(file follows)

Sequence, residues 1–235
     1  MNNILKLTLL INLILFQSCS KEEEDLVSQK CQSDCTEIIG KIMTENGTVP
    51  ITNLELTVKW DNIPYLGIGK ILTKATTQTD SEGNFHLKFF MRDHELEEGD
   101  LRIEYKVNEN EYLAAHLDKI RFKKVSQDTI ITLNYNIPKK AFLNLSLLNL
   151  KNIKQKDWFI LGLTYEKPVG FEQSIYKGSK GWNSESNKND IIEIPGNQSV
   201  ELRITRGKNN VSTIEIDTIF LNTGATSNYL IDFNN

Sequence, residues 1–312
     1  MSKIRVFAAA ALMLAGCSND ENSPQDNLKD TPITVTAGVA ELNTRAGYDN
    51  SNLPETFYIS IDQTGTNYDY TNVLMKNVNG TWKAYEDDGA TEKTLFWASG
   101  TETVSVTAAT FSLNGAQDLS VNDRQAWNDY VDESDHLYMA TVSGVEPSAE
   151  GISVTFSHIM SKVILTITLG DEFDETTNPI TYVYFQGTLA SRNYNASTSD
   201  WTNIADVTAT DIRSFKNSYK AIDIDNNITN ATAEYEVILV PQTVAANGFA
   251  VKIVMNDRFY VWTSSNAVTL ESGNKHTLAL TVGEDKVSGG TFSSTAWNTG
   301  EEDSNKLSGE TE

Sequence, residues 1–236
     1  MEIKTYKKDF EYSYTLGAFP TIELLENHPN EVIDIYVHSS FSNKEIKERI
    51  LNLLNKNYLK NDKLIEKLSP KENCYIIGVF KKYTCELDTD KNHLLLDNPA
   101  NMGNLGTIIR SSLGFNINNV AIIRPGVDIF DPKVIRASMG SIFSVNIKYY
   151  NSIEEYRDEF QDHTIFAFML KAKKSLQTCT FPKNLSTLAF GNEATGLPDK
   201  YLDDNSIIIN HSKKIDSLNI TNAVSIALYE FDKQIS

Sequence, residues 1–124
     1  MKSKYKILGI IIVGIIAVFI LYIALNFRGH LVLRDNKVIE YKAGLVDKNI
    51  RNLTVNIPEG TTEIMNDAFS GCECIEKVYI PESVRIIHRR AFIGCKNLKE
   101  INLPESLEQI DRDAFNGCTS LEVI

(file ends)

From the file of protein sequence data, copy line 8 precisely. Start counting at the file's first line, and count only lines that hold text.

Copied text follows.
     1  MSKIRVFAAA ALMLAGCSND ENSPQDNLKD TPITVTAGVA ELNTRAGYDN